[[Image:Rits.JPG|frame|left|October 13, 1934 front page of Latvian newspaper "Rīts" (English: "Morning"), reporting the martyrdom of St. John of Riga]]
St. John was martyred brutally in the night of [[October 12]], 1934, at the archbishop's residence at Kish Lake (Latvian: Ķīšezers) outside Riga's city center. Although his assassins were never apprehended, they have widely been assumed to be agents of the Bolshevik regime in neighboring Soviet Russia, whose persecutions of the Orthodox Church the saint had already suffered earlier during a turbulent period of service as Archbishop of Penza and Saransk (1918-1921). Earlier still, he served as vicar Bishop of Slutsk (1911-1912) in the Diocese of Minsk, vicar Bishop of Taganrog and Priazovye (1913-1917) in the Diocese of Ekaterinburg and briefly as vicar Bishop of Staritski (1917) in the Diocese of Tver.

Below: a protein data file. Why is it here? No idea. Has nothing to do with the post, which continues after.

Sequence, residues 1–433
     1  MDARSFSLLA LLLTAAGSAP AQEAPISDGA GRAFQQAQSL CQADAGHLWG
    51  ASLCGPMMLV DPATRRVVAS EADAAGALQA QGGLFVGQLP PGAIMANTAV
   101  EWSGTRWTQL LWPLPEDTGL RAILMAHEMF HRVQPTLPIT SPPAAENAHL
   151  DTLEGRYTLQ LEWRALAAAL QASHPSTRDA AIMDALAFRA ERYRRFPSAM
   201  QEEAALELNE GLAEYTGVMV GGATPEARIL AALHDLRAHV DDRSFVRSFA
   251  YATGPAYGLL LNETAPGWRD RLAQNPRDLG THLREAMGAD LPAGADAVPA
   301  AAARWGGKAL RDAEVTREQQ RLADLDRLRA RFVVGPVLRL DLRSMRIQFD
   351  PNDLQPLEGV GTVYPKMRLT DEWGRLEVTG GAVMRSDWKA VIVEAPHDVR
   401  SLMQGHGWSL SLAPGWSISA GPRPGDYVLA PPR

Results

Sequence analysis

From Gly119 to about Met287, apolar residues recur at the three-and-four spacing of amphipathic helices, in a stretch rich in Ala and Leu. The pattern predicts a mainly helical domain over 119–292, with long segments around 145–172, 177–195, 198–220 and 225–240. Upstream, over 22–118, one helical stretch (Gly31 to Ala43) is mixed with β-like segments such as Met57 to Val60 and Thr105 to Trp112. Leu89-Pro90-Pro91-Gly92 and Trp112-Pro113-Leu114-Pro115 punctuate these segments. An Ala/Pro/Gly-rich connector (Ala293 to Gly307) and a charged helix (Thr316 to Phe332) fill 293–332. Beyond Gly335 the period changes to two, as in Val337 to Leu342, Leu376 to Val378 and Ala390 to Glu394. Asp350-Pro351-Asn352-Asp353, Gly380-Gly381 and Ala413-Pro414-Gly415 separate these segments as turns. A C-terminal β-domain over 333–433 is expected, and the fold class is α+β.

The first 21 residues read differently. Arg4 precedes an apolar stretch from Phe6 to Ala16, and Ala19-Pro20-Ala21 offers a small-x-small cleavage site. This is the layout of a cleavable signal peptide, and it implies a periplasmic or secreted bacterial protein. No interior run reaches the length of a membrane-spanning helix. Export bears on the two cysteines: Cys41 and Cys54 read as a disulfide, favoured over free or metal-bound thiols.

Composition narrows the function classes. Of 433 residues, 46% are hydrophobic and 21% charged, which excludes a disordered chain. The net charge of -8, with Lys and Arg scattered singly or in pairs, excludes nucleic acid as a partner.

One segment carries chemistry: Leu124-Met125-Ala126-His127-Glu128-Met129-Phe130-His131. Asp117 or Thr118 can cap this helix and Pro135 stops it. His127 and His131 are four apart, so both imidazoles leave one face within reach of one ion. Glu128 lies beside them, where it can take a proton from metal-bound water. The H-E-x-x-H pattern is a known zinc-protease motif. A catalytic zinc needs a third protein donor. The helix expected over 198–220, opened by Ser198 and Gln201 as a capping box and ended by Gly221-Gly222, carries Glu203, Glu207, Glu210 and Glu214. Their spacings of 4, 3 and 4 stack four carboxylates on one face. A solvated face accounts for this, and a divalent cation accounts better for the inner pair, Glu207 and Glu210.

In 1921, the year St. John returned to Latvia, St. [[Tikhon of Moscow]], then Patriarch of the Russian Orthodox Church, granted independence to the Latvian Orthodox Church. Therefore St. John became the first Latvian [[archbishop]]. Jurisdictional difficulties followed his martyrdom, lasting from 1936 to 1940, and the suffering of the Latvian Orthodox Church increased again during Latvia's Soviet occupation, which lasted from the Second World War until 1991. In 1992, the Latvian Orthodox Church became semi-autonomous, with a high degree of independence but lacking autocephaly. Thus, the contemporary pastoral successor to St. John of Riga bears the title [[Metropolitan]].